1572PD - Development of laser-driven proton beam therapy

Date 29 September 2014
Event ESMO 2014
Session Trials and tribulations in oncology: Future approaches
Topics Translational Research
Surgical Oncology
Basic Principles in the Management and Treatment (of cancer)
Therapy
Radiation Oncology
Presenter Umar Masood
Citation Annals of Oncology (2014) 25 (suppl_4): iv546-iv563. 10.1093/annonc/mdu358
Authors U. Masood1, M. Bussmann2, T.E. Cowan2, W. Enghardt1, T. Herrmannsdoerfer3, M. Kaluza4, M. Krause2, J. Pawelke1, R. Sauerbrey5, U. Schramm2, M. Baumann1
  • 1Oncoray-national Center For Radiation Research In Oncology, Faculty of Medicine and University Hospital Carl Gustav Carus, Technische Universität Dresden, 01307 - Dresden/DE
  • 2Institute Of Radiation Physics, Helmholtz-Zentrum Dresden-Rossendorf, Dresden/DE
  • 3Dresden High Magnetic Field Laboratory, Helmholtz-Zentrum Dresden-Rossendorf, Dresden/DE
  • 4Faculty Of Physics And Astronomy, Friedrich-Schiller-Universität Jena, Jena/DE
  • 5Director Scientific Branch, Helmholtz-Zentrum Dresden-Rossendorf, Dresden/DE

Abstract

Aim

Proton beams by their advantageous dose profile over conventional photon and electron beams may provide higher dose conformity and better healthy tissue sparing. But due to high costs and huge size of existing facilities, proton therapy is limited to few centers. A novel proton acceleration, on µm scale by ultra-intense lasers, promises compact accelerators and beam delivery systems. Unlike conventional proton beams, laser-accelerated proton (LAP) beam is characterized by short ultra-intense pulses with peak dose rates exceeding conventional values by ∼9 orders of magnitude but low repetition rate, broad energy spread and large divergence. They require completely new techniques of beam transport, dose delivery and quality assurance along with radiobiological characterization.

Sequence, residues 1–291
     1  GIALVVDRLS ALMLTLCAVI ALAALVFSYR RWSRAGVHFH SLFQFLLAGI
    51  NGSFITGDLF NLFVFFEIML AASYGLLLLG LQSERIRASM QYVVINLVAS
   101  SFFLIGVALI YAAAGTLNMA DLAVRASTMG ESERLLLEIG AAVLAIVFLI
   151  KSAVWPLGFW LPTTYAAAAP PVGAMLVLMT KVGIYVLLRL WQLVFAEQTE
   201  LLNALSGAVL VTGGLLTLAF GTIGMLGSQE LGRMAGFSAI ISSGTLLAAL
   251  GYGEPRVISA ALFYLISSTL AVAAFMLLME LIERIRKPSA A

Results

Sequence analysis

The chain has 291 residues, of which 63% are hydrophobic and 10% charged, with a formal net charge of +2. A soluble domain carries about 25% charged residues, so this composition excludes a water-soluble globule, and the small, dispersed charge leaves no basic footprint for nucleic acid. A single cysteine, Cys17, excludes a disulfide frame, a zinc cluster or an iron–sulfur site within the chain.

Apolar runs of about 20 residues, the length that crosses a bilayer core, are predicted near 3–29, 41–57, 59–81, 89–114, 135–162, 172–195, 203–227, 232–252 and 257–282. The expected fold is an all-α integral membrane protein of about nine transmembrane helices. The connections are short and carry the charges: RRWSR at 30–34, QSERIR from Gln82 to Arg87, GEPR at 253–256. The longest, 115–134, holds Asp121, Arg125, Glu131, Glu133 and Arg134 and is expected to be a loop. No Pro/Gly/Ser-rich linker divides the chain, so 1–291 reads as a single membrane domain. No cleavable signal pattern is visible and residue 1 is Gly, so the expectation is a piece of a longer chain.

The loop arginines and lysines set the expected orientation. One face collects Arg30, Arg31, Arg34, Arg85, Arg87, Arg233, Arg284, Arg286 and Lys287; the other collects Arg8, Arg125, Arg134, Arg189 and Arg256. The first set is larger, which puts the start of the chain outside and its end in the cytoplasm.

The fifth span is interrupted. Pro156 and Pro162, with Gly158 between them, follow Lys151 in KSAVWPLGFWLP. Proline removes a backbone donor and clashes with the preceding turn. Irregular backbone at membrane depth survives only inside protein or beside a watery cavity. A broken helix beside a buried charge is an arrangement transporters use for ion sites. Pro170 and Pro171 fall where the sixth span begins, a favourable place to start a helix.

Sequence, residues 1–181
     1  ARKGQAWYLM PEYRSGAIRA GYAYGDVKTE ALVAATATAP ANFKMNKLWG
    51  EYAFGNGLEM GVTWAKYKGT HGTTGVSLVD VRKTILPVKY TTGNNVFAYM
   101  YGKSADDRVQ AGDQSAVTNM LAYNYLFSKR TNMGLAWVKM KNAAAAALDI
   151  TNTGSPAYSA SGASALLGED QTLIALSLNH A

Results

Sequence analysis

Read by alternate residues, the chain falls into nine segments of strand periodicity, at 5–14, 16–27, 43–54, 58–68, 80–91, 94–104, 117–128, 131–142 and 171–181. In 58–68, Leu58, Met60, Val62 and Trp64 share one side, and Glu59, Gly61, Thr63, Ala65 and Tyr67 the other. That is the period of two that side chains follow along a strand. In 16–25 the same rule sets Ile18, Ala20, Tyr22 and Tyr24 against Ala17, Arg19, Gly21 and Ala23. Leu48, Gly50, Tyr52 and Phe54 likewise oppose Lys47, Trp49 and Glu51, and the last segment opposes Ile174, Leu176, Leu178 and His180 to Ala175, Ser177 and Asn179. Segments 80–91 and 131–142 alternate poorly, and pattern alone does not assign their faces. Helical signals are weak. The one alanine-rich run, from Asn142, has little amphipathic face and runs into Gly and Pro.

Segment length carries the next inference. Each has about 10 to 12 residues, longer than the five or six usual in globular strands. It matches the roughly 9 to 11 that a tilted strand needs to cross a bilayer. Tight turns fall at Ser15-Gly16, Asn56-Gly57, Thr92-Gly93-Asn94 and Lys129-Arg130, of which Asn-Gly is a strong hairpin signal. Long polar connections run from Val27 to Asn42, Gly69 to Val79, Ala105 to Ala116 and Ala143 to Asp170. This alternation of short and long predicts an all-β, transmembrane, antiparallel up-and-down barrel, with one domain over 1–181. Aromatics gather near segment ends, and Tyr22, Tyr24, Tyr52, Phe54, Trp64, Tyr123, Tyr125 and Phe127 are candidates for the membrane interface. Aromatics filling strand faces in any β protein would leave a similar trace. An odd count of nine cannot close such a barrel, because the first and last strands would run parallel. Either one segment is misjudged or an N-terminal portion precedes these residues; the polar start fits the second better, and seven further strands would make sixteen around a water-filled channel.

Methods

The presented work is an ongoing joint translational research project of several institutions in Germany aiming to establish LAP therapy. In parallel to the development of high power laser systems and laser targets to generate stable and reproducible LAP beams, a dedicated radiation oncology focused research program is being followed.

Results

Laser-based technology was established for cell and small animal irradiation. The high power laser system DRACO was setup and optimized for long-term stable proton acceleration. A dedicated fixed-beam transport system with integrated energy selection and field shaping as well as real time dose monitoring was established. The suitability and reliability of all components was proven in systematic radiobiological studies over months. No overall difference in the biological effectiveness between laser-accelerated and conventional beams was detected to date. For translation towards patient irradiation, increase of proton energy from ∼25 to ∼230 MeV by increasing the laser power from ∼100 TW to ∼1 PW is required and the development of PW laser is in progress. Furthermore, a compact 360° isocentric proton gantry was designed, based on novel light-weight high-field pulsed magnets. This gantry is ∼2.5x smaller than conventional proton gantries. The necessary pulsed magnets are being developed together with novel dose delivery strategy for LAP.

Conclusions

LAP therapy is a promising alternative, yet require substantial development with a clinical prototype in some years. Supported by German BMBF, no. 03Z1N511.

Disclosure

All authors have declared no conflicts of interest.